At the time of the hearing, the mother was employed as a housekeeper and night auditor for the hotel where she lived, and she worked seven days per week. The daughter was in the custody of the Bartow County DFACS. The child was placed into custody after the mother was arrested for a probation violation in November 1999, for which the mother served 26 days in jail. The mother was working with DFACS on a reunification plan with her daughter, but had not met all of the plan's requirements. Cobb County DFACS never prepared a reunification plan for the mother and B.F.
The mother testified that she was having trouble regaining custody because she could not find a residence that met with DFACS' approval. Although she stated that the hotel where she lived was clean, safe, and on a school bus route, the evidence showed that the juvenile judge in that case had ordered her not to live in a motel. The mother had applied and been approved for subsidized housing in Whitfield County, but after the Bartow County DFACS caseworker told the housing office that the mother did not have custody of her daughter, the mother was informed that she was not eligible for housing. She also testified that she was looking for another job that would allow her to make child support payments for her daughter, which had recently been required by DFACS.
The mother said that she had trouble meeting some of the other requirements of her case plan because they required transportation between her home in Whitfield County and Bartow County, and that her car had been inoperable. She testified, however, that she had just gotten a new car. The mother said she lived in Whitfield County and away from Bartow County because she was afraid of her husband and did not want him to know where she was. She stated that she planned to institute divorce proceedings against her husband.
The child's paternal stepgrandmother testified that B.F. was living with her husband and her at the time of the hearing. She stated that the child had lived with them previously in 1995 “when neither parent was available.” At that time, they were called in the middle of the night to pick up B.F. and A.F. by the Cobb County police. They kept them for several months, and during that time the mother never contacted them. The stepgrandmother testified that B.F.'s current stay with them was going well and that she believed that he would benefit by staying longer. Prior to the current stay, the grandparents had not known for four years where their grandchildren were.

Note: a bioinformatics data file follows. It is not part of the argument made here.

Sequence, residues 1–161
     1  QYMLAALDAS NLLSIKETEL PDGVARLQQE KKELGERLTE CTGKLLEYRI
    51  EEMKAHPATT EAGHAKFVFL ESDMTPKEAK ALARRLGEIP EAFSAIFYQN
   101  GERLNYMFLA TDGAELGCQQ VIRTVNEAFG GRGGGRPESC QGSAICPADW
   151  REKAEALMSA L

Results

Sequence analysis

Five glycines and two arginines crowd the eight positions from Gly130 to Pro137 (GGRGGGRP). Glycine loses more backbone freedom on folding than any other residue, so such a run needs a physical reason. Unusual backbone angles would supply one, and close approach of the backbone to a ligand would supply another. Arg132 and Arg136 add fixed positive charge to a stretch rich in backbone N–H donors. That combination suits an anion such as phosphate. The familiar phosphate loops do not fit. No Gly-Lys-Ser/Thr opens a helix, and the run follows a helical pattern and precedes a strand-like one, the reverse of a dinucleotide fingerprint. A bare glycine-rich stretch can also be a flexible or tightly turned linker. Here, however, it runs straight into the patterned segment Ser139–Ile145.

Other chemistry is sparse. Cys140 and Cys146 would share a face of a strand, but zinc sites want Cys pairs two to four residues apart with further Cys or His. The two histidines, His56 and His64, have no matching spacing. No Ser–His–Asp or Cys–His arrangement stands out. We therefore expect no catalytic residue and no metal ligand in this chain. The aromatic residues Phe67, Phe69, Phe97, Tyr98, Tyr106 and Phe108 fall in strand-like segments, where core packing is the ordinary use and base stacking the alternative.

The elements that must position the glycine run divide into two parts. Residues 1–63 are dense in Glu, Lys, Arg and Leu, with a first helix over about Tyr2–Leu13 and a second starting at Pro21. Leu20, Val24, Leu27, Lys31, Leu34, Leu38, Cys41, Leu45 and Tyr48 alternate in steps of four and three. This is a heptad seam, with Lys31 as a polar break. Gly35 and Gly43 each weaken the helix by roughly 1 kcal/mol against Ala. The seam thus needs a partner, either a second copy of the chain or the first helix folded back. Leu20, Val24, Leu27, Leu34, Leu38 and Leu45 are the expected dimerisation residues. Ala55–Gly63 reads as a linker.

At the close of the evidence, B.F.'s guardian ad litem stated that she could not recommend the termination of the mother's parental rights at that time because she could not say it was in the child's best interest.
In determining whether the termination of parental rights is warranted under OCGA § 15-11-94, the juvenile court employs a two-prong analysis. “First, the court determines whether there is clear and convincing evidence of parental misconduct or that the parent is unable to care for and control the child. Second, the court determines whether termination is in the best interest of the child.” (Citation omitted.) In the Interest of S.H.P., 243 Ga.App. 720, 534 S.E.2d 161 (2000).
And a finding of parental misconduct requires clear and convincing evidence of the following four factors:
1) that the child is deprived; 2) that the cause of the deprivation is a lack of proper parental care or control; 3) that the cause of the deprivation is likely to continue or will not likely be remedied; and 4) that the continued deprivation is likely to cause physical, mental, emotional, or moral harm to the child. OCGA § [15-11-94](b)(4)(A).